How Does Probation Work in Texas?

By Jeff Kennedy

If you’ve been convicted of a crime in Texas, chances are good that you won’t immediately be sent to jail or prison. Instead, it’s more likely that you’ll be given some form of probation. In Texas, probation is known as “community supervision.” Some of those who receive prison and jail terms can also receive community supervision later if their offenses allow it and they’ve met certain conditions.

Many people, including those convicted of offenses and those who are the victims of a crime, don’t understand how community supervision works. We’ve put together this quick explanation to help.

A Different Form of Punishment

Community supervision isn’t a free ride. It’s still a type of punishment, and very strict rules must still be followed. It’s just structured in a way that keeps an offender out of a prison or jail, which is good for the state’s bottom line; for every dollar spent keeping an offender locked up, probation costs taxpayers only six or seven cents.

When a person on supervision violates the terms, he or she might face new restrictions or be sent to prison. In fact, some of those convicted choose jail time over community supervision so that they don’t have to meet the conditions.

Those on community supervision usually have to pay a monthly fee while under supervision, and they are still expected to pay any fines and restitution imposed with their conviction. They aren’t allowed to travel out of the state without permission from the officer supervising their case. They’re also expected to report to their supervising officer on a regular schedule, and may be subject to random drug or alcohol testing. They might have to attend rehabilitation or treatment programs or meet community service obligations.

And, of course, they are expected to stay on the right side of the law. Committing another crime (or not reporting an arrest) while on community supervision can lead to it being revoked; in fact, simply being arrested on a serious charge might land a probationer in jail. This depends on many factors, including the crime, the offender’s previous history, and the policies of the supervising office.

Even if community supervision isn’t revoked, a new arrest could lead to a longer supervision term or additional fines.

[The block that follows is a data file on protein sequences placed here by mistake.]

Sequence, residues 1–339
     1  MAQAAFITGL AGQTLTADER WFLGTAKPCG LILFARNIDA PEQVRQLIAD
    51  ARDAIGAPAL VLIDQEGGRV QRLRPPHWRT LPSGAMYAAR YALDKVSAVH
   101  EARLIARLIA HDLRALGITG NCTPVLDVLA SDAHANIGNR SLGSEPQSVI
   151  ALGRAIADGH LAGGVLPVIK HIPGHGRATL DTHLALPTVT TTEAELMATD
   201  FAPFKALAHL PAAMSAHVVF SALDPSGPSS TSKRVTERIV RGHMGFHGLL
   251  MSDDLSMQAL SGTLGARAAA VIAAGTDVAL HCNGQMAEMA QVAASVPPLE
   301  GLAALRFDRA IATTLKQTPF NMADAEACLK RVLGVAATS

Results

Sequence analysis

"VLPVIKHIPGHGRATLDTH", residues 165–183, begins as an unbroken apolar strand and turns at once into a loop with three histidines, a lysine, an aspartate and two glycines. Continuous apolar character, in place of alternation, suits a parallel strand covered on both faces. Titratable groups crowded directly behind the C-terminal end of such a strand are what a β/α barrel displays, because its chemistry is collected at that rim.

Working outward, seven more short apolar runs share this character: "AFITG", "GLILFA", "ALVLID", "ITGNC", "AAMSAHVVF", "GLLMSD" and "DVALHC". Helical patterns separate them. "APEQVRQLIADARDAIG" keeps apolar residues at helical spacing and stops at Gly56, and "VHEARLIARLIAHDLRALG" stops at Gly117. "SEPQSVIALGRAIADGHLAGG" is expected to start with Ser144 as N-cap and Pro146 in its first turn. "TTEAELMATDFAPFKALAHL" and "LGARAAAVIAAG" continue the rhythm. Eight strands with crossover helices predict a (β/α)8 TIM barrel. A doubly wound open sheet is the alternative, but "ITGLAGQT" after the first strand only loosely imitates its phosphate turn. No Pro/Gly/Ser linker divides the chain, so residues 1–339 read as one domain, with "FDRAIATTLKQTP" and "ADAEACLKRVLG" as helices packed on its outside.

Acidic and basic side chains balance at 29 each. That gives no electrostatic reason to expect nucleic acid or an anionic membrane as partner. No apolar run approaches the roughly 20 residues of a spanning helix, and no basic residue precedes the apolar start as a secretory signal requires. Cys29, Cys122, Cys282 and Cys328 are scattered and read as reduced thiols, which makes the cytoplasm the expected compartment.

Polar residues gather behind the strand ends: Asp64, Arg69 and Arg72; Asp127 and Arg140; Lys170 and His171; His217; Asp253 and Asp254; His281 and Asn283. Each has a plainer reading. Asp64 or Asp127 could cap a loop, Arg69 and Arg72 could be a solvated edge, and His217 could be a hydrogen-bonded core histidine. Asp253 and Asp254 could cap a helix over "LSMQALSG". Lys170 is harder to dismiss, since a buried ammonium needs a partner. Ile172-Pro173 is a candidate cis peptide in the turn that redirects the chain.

A Serious System

In its most recent report, the Texas Department of Criminal Justice counted over 382,000 people on community supervision (while around 114,000 other offenders were incarcerated). Their supervision is managed at the local level, primarily by officers in county community supervision and corrections departments. These officers take their responsibilities seriously: They’re in place to ensure public safety, not to make life carefree for the offenders under their supervision.

Fort Worth Criminal Defense Lawyer

When you face criminal charges, it’s important to have an experienced criminal defense attorney fighting for you. Even if you are found guilty, qualified legal help may be important in having your sentence imposed as community supervision rather than prison or jail time.

If you’re already on probation and the district attorney has moved to revoke it for a violation, the right lawyer might be able to convince the authorities that it is in the state’s best interest not to revoke probation.

The team at the Law Offices of Jeff C. Kennedy has handled thousands of criminal defense cases and understands what’s involved. Call 817-605-1010 today or reach out via the form below to discuss your case.


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Jeff Kennedy is a professional, intelligent, easy-to-talk-to lawyer with an excellent understanding of how the system works. Jeff was able to get my twice the legal limit BAC thrown out and he kept me from having an interlock device put on my car. This has been my only big mistake in life so far (hopefully the last) and I am glad he was there to walk me through it. You will not regret hiring him.

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